by Ben Kromer & r & & r & LOST (Wednesdays, 10 pm, ABC) & r & & lt;span class= "dropcap " & L & lt;/span & ike many cynical creeps, I've long thought of faith as a useless appendage -- the brain's appendix. My mom tells me I should read the Bible, but every time I try, I wind up skipping to Revelation, with the great red dragon and the Lovecraftian horrors and the end of the world. The Bible isn't called the Good Book because it's actually a good book; it's called that because it might save your soul and repel vampires.
I suppose I'm spoiled for desiring a mythology that's entertaining, but I wasn't expecting to find it in a TV show with the same basic premise as Gilligan's Island, yet here we are. Lost's mythos has been developing for two seasons and clearly incorporates every wonky idea the creators ever thought of. After more than 50 episodes, I still have no clue about what's on going with the plot, which would be intolerable if every episode wasn't focused on one of the many shockingly likeable characters. Shocking in the sense that the writers went to the trouble of making them flawed but sympathetic, rather than the troubled and edgy people you find in other shows. The difference is depth.
I'm diverting myself with good characterization, having faith that the larger plot will wind out as convincingly as the individual characters do. This is risky both for me and for ABC. If the solutions aren't forthcoming, or if they come and completely suck, the show's ruined. ABC will have alienated me, and I'll have wasted the countless hours watching and waiting. If that happens, I won't say, "Lost was really great until the last couple episodes when it turned out the island was actually a giant turtle and that explained everything." I'll just say "Screw Lost."
The creators assure us that won't happen. They say they're not concerned that Season Three's ratings are down because they're looking at the big picture. The big picture, they promise, is a five-year story arc with a dignified end and all questions answered.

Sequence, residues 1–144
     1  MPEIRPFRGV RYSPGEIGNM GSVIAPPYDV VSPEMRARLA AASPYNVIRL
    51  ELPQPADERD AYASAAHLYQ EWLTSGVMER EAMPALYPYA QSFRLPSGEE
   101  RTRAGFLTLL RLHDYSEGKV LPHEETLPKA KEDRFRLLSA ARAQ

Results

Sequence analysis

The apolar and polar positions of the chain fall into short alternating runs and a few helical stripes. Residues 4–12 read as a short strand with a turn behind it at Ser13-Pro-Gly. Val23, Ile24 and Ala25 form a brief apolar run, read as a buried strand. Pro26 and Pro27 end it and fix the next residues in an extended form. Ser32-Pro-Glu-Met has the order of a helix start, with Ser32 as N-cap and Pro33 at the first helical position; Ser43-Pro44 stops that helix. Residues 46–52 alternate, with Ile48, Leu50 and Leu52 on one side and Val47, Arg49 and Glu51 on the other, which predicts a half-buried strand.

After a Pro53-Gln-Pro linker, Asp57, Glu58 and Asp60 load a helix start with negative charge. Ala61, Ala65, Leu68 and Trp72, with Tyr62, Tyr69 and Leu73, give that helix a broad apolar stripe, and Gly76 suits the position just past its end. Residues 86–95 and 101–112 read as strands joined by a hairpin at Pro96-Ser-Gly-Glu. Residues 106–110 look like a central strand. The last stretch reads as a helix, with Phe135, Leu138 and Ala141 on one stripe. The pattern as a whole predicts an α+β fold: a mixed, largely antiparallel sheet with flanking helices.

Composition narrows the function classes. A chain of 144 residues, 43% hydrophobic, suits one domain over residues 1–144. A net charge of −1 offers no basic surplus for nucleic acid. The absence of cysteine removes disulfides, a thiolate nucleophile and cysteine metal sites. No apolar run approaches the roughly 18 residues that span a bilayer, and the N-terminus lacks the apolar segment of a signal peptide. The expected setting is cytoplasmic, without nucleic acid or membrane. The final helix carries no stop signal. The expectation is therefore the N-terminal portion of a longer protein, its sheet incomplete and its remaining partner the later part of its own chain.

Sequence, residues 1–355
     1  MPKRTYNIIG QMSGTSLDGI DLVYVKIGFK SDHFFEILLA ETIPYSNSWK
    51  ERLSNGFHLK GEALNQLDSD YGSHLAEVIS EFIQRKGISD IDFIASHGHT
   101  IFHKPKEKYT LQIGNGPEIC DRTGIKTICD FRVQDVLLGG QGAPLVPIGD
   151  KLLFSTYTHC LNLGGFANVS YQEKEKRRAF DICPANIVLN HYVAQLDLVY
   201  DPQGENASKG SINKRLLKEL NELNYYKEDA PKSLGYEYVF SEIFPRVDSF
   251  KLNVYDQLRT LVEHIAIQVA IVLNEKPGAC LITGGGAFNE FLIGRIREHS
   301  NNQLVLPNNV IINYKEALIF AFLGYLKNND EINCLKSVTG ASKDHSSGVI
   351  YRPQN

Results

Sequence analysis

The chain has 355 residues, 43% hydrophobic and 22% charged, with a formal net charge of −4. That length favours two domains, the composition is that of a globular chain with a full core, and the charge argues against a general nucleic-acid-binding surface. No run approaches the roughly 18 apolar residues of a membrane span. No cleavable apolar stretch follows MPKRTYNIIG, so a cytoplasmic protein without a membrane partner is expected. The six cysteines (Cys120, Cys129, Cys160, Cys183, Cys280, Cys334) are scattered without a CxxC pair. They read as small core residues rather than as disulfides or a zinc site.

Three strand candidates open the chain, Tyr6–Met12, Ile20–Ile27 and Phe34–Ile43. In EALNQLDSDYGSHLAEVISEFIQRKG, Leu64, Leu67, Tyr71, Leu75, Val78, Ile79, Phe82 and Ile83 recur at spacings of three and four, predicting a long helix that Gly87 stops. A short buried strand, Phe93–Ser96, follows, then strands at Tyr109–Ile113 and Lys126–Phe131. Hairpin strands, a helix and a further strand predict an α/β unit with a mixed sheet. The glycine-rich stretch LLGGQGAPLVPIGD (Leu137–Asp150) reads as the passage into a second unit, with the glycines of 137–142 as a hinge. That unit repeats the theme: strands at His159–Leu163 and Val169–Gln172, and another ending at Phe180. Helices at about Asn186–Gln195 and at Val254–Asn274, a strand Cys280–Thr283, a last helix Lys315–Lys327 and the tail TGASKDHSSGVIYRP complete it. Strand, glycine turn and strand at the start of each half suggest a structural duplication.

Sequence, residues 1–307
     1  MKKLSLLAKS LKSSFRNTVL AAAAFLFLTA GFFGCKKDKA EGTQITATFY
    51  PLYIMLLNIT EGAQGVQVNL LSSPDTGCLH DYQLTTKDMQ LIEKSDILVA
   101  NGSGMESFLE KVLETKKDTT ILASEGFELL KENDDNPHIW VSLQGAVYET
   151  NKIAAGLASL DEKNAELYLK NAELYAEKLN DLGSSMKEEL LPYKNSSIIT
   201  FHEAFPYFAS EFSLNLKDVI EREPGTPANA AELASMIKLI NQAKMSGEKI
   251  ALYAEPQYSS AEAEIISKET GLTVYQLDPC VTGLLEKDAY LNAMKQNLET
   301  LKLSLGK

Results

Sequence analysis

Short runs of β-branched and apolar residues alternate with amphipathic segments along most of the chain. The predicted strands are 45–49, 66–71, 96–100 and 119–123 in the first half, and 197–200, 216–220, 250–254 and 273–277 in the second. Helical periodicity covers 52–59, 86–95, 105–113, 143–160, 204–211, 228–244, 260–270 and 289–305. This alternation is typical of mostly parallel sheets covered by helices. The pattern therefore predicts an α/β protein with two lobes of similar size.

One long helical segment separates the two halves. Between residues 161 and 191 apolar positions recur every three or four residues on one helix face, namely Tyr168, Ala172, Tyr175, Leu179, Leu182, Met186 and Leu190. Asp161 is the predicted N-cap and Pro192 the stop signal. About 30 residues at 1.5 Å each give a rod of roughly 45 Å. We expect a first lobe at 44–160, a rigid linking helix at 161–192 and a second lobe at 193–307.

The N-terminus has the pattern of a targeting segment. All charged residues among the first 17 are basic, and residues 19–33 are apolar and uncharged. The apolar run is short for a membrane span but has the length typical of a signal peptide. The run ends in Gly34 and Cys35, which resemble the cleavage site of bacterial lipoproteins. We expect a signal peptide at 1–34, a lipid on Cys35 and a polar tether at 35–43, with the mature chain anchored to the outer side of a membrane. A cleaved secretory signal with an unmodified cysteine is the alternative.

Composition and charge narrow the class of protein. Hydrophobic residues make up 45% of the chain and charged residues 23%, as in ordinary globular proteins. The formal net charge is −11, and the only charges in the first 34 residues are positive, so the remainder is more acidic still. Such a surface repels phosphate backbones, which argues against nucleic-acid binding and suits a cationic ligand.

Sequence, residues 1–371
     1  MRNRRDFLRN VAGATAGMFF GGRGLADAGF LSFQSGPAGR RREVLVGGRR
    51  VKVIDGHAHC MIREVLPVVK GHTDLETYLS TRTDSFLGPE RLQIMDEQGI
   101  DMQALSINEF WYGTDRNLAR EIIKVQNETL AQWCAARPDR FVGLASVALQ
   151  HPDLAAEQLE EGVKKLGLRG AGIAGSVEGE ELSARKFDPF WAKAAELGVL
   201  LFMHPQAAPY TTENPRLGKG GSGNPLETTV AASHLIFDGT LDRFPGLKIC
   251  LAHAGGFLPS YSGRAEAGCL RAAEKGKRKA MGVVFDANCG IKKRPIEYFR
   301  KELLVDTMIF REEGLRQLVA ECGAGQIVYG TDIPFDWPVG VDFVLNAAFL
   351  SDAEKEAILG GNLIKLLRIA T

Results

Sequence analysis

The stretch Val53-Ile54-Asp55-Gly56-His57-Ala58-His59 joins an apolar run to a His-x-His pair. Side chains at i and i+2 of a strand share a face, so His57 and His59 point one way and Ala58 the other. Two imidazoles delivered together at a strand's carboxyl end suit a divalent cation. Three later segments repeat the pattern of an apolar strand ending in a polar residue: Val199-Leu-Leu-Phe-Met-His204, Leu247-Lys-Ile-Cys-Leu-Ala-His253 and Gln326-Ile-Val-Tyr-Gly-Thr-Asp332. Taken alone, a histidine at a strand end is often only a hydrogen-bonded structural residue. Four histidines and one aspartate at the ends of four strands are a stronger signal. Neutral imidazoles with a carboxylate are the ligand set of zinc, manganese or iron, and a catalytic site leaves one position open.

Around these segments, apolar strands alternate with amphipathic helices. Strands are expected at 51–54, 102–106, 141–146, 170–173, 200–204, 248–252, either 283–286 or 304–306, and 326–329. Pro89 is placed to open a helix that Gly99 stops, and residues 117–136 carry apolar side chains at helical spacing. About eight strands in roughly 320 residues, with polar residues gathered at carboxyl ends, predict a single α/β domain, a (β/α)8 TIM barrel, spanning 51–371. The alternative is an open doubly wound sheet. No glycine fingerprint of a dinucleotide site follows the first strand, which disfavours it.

Though faith isn't typically merit-based, Lost's creators have earned it by designing two-and-one-third seasons of unmatched fantasy programming. If they're going to start slipping, they haven't shown signs yet. That's more of a Jack Sheppard-style empirical observation than anything my man John Locke would say, but it works for me.
79th annual Academy Awards
Hosted by Ellen Degeneres. My Oscar prediction: not as good as Jon Stewart, better than Whoopi Goldberg and Chris Rock, with the usual terrible music, pointless montages and embarrassing banter. I want Little Miss Sunshine and The Departed to win everything. (Sunday, 2/25, 5 pm, ABC)
Masters of Horror
Showtime is in its second season of providing a gruesome alternative to the tepid PG-13 ghost stories that pass for big-screen horror, with every episode directed by a different "Master of Horror." The quality varies wildly, since some of these guys are "horror masters" the way Subway employees are "sandwich artists." The next episode is "The Black Cat," based on the Poe story and directed by Stuart Gordon (Re-Animator). (Saturday, 2/24, 10 pm, Showtime Beyond)
If you already have a nerdy crush on Tina Fey, this show will make it worse. "Don't be lonely, TV version of Tina Fey," I tell the moving picture box. "I'll be your boyfriend." I never did that for Studio 60, which is why it's cancelled now. (Thursday, 2/22, 9:30 pm, NBC)
The new one is smart and funny and action-packed, and it’s bigger and better and sleeker. And Downey does it again, this time ramping up Stark’s arrogant wisecracking, telling anyone who’ll listen (mostly women) that, via the creation of his powerful Iron Man suit, he’s brought years of uninterrupted peace to the world.